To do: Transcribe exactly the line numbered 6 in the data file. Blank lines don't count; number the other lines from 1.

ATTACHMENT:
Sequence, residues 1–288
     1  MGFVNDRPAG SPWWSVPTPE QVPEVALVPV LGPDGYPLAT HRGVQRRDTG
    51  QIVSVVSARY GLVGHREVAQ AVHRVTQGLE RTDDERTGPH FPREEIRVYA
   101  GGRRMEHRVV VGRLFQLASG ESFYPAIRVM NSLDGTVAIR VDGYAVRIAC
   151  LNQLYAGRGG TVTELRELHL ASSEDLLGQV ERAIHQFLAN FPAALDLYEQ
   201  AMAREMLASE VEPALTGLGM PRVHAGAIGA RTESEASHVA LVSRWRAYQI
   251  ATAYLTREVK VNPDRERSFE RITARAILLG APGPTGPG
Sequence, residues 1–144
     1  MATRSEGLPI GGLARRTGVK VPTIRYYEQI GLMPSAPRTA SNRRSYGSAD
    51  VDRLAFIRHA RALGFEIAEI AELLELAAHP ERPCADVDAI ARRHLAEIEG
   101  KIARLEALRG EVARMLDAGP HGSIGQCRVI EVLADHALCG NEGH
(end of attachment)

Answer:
   201  AMAREMLASE VEPALTGLGM PRVHAGAIGA RTESEASHVA LVSRWRAYQI